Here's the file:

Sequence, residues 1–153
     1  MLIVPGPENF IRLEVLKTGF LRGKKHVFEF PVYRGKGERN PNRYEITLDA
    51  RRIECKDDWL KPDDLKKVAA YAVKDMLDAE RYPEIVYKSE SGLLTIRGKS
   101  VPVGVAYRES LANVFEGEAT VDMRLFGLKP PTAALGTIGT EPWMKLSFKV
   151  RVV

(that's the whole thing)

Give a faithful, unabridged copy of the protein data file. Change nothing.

Sequence, residues 1–153
     1  MLIVPGPENF IRLEVLKTGF LRGKKHVFEF PVYRGKGERN PNRYEITLDA
    51  RRIECKDDWL KPDDLKKVAA YAVKDMLDAE RYPEIVYKSE SGLLTIRGKS
   101  VPVGVAYRES LANVFEGEAT VDMRLFGLKP PTAALGTIGT EPWMKLSFKV
   151  RVV